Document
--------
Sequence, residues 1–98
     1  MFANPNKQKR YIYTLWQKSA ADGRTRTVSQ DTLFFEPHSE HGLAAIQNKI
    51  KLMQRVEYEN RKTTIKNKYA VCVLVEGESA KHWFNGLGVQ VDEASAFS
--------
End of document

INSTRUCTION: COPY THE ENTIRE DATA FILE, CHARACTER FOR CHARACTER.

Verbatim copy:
Sequence, residues 1–98
     1  MFANPNKQKR YIYTLWQKSA ADGRTRTVSQ DTLFFEPHSE HGLAAIQNKI
    51  KLMQRVEYEN RKTTIKNKYA VCVLVEGESA KHWFNGLGVQ VDEASAFS